Chi Ta-wei and Holger Volland at Frankfurt Book Fair


    Brilliant Content and Exquisite Design Put Taiwan on the International Stage

    One particularly notable example is the 2017 Bologna Children's Book Fair, where the Taipei Book Fair Foundation invited internationally-renowned illustrator and curator Page Tsou to design the Taiwan Pavilion, who turned the booth into an exhibition with the theme “Museum of the Fantastic”. The international children’s book industry was stunned by the exhibit, demonstrating just how much the aesthetic qualities of the Taiwan Pavilion have evolved over the years. After the fair, the entire exhibit continued to be displayed at the Bologna Municipal Library, and the enthusiastic media response made its way from Europe back to Asia, prompting the Gwangju Cultural Centre in Korea to inquire about displaying the exhibition.


    2017 Bologna Children's Book Fair, Taiwan Pavilion


    Last year (2018), the Taiwan Pavilion at the Guadalajara Book Fair won “Best Booth Design of the Year” for how it used illustrations and design to create a reading ambience whilst still functioning as a professional space. The same year, Lee Chin-Lun, the illustrator recommended by the Taiwan Pavilion, also successfully sold the Spanish rights of her book How Pets Used to Be. It was exactly what a perfect book fair should look like.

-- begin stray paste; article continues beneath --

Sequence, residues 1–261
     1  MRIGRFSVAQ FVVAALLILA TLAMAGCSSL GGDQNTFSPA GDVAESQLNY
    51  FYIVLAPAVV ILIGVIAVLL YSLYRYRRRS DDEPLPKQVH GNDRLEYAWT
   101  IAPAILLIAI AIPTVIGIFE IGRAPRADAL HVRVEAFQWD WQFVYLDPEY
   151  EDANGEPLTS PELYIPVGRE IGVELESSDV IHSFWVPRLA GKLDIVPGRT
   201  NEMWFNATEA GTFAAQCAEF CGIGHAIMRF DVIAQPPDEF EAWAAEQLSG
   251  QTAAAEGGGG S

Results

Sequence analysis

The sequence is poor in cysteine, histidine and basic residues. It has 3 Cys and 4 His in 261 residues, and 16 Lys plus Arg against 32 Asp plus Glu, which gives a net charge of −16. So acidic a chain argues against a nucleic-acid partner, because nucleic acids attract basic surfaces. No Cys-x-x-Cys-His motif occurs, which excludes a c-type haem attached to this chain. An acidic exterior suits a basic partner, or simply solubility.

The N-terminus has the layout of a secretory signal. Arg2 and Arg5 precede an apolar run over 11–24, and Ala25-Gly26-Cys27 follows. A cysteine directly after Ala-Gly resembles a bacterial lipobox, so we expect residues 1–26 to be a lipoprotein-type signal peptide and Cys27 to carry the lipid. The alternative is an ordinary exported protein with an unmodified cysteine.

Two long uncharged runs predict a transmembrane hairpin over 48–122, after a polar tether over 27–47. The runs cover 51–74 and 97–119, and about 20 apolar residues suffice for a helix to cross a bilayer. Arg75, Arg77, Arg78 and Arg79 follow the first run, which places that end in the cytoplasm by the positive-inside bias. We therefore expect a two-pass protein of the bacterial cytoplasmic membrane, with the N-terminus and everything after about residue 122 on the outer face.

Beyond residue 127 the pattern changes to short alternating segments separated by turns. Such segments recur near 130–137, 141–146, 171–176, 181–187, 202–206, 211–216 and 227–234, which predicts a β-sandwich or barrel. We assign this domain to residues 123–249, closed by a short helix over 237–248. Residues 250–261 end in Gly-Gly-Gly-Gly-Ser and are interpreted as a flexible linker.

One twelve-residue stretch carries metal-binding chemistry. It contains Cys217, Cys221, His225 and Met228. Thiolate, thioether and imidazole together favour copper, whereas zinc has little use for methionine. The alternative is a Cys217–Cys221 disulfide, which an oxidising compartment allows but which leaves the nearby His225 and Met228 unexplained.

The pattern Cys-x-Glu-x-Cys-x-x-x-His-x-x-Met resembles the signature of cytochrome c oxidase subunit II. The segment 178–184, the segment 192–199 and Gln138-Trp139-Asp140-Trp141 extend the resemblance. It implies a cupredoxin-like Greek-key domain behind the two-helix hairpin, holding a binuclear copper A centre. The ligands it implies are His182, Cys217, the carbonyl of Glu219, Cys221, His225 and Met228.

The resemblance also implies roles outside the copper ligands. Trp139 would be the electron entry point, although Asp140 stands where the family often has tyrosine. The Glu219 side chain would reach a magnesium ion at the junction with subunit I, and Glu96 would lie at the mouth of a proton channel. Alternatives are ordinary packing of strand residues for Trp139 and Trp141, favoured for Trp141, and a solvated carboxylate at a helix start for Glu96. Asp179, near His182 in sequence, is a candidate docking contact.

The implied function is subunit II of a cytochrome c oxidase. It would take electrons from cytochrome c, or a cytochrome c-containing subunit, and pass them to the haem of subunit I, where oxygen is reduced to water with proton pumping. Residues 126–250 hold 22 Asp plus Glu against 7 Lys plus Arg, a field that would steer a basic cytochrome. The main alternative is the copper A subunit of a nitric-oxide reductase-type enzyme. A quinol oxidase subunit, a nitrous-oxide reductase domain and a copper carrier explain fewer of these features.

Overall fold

2018 Guadalajara Book Fair, Taiwan Pavilion


    Book fairs of the future will no longer be just platforms serving readers and exhibitors, they need to become creative exhibitions that cross borders, provide experiences, and give visitors the chance to meet new people. The TiBE is striving forward to create that sense of awe and wonder, as reflected by the combination of these experiences from three friends of the Taipei Book Fair Foundation:

    “From a professional point of view, I think that Taipei Book Fair actually is a very CREATIVE book fair.” – Barbel Becker, Frankfurt Book Fair (Germany)

    “This Fair has grown over the 17 years that I've be been here, it's very IMPRESSIVE.” – Gloria Bailey, the Publishers Association (UK)

    “It's a vibrant fair, compared to many others in Asia; it is COOL!” – Nicolas Roche, Bureau International de l'edition Franciase (France)

  • Taipei International Book Exhibition: A Gathering Place for Publishers and Book Lovers Alike
    Aug 20, 2019 / By Michelle Tu ∥ Translated by Sarah-Jayne Carver

    Every February, while most cities in Europe and North America are snowy and battling the cold, it’s flip-flop weather in Taipei, with comfortable temperatures and cherry blossoms blooming. The MRT makes it easy to get anywhere in the city, whether you want to head out to the green mountains in the suburbs, or enjoy the hot springs, visit museums, go for tea, or visit a temple. There’s delicious food, great places to wander around, fantastic shopping centres and all the cultural activities you could want.